Los Angeles Yelp's popular online reviews guide the hungry to the best restaurants, the thirsty to the friendliest bars and the flabby to the toughest personal trainers. But, on the eve of its initial public offering, the eight-year-old, still unprofitable company has yet to convince analysts of its long-term prospects.
San Francisco-based Yelp Inc late Thursday priced its initial public offering of stock at $15 (Dh55) a share. That's above its expected range of $12 and $14 per share. Yelp is selling 7.1 million shares, while its charitable foundation will sell 50,000. Investment bankers also have an option sell an another 1.07 million shares, depending on investor demand.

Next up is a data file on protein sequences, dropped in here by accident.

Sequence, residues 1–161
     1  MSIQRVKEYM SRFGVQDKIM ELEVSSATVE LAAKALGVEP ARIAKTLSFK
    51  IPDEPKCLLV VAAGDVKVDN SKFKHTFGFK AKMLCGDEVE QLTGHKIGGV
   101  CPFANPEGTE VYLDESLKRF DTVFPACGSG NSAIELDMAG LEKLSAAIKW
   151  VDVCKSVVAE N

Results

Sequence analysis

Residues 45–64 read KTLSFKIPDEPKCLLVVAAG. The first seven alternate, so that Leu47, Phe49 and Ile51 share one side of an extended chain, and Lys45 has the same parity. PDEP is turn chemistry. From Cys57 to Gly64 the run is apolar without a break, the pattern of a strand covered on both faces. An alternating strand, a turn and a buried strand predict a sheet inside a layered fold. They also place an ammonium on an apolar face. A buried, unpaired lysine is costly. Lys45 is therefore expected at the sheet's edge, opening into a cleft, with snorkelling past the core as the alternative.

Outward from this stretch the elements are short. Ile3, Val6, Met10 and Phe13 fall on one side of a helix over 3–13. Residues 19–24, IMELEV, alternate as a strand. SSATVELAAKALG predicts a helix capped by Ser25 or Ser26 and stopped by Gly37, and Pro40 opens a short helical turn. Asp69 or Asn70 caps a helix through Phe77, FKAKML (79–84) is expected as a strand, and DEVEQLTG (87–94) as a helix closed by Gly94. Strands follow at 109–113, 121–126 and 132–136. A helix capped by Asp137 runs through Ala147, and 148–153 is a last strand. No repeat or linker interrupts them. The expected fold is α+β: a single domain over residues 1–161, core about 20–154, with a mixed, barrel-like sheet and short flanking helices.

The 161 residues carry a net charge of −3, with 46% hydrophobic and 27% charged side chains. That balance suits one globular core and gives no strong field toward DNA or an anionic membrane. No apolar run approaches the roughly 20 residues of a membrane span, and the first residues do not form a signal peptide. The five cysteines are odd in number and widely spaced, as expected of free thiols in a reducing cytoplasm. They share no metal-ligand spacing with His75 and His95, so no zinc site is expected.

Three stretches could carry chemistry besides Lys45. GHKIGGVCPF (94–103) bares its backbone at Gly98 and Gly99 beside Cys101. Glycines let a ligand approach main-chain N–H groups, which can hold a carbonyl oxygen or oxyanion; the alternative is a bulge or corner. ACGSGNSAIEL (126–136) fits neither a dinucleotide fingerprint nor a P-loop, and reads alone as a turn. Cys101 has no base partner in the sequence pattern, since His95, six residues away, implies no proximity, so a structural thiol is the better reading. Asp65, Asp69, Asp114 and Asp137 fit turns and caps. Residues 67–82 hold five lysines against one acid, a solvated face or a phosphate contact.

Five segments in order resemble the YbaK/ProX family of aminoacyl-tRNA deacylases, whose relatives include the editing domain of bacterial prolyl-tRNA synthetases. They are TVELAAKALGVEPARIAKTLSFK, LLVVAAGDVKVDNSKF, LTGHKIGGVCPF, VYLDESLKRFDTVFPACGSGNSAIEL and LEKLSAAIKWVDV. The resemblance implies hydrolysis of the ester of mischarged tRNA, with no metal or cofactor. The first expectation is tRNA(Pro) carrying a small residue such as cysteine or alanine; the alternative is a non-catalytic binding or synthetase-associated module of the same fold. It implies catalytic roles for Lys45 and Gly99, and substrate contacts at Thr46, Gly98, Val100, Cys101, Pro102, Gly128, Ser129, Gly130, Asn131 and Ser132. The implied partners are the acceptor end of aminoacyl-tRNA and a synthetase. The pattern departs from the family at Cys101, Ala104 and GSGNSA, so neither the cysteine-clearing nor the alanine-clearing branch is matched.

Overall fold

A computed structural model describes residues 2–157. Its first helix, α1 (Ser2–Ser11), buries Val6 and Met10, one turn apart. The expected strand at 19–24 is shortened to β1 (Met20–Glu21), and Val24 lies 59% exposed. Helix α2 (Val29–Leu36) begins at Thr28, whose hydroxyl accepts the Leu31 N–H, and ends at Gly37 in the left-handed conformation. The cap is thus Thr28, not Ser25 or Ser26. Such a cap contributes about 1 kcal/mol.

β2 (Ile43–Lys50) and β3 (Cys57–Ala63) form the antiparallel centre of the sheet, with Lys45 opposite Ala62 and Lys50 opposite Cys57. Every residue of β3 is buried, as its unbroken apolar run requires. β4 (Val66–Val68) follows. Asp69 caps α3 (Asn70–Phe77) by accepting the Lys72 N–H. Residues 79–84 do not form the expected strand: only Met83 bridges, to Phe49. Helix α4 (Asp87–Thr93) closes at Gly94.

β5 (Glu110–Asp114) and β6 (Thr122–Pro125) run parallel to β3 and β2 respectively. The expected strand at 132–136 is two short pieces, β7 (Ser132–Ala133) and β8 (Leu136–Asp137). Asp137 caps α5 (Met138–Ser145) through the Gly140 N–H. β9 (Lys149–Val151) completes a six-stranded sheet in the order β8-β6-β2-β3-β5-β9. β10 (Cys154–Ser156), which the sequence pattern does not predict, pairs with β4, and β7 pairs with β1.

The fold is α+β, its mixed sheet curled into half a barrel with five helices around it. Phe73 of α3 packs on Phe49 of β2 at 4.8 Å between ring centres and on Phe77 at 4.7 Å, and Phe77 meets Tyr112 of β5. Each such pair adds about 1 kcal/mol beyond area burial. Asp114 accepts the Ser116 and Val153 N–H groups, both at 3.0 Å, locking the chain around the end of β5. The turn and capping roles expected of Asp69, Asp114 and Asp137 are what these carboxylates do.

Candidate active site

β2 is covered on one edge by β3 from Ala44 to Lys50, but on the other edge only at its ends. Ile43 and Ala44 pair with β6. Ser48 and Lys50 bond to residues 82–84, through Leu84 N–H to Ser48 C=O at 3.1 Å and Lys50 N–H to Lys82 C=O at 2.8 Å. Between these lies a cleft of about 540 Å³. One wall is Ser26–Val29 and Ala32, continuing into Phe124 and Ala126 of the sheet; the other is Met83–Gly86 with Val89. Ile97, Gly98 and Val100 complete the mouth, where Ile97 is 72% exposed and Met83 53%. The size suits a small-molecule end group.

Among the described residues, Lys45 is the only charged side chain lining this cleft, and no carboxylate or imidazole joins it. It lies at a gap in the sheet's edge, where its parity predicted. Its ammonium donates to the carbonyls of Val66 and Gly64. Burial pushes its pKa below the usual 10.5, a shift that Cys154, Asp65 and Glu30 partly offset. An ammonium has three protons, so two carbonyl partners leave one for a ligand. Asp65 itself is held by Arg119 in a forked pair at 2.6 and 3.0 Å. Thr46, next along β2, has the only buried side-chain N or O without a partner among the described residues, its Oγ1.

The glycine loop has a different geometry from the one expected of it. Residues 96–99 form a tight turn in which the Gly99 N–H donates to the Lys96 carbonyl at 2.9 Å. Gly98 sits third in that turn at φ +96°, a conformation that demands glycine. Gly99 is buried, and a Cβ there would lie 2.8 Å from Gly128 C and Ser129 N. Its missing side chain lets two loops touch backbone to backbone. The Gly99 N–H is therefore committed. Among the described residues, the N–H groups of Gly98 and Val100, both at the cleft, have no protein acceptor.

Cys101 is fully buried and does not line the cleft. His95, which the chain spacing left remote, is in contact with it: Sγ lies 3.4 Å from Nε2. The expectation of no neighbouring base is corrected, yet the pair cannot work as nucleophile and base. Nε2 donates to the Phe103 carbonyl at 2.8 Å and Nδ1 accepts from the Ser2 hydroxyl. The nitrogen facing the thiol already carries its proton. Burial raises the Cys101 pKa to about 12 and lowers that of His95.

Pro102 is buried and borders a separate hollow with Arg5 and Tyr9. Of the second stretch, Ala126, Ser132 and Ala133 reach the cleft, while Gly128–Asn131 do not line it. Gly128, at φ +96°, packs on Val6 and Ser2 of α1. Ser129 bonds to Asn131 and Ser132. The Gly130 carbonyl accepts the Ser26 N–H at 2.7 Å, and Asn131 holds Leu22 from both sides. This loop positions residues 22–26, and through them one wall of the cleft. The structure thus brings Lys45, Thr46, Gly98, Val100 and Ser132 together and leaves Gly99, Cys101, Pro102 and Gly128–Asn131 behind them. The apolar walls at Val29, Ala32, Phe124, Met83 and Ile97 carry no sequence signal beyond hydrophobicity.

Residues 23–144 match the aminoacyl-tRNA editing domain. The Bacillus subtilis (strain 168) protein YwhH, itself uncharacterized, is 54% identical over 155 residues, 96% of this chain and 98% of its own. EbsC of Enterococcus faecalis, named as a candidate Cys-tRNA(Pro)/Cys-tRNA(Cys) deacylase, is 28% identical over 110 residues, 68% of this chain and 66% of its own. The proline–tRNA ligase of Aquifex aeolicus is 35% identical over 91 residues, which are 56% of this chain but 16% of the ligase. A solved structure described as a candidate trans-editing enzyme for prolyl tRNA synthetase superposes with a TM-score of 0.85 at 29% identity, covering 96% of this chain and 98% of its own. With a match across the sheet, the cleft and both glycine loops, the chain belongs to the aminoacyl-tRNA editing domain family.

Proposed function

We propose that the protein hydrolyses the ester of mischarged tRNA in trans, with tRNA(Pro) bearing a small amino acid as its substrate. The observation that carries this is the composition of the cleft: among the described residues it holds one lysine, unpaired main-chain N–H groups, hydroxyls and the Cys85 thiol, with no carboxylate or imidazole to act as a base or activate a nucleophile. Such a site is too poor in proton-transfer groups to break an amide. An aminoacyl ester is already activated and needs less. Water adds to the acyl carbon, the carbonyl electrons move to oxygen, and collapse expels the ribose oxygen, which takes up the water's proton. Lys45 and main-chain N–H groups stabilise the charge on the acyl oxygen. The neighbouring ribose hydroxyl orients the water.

The offering could raise as much as $123 million before expenses. It values Yelp at $900 million.
That's a lot for a company that hasn't turned a profit since its 2004 founding. Rick Summer, an analyst at Morningstar, says that while Yelp is at "the head of the pack" compared to other review sites, he's concerned that businesses "may not see enough value in [Yelp's] advertising platform to increase spending and justify the expected price of this IPO."
Though it's best known for restaurant reviews, Yelp's users have reviewed other establishments.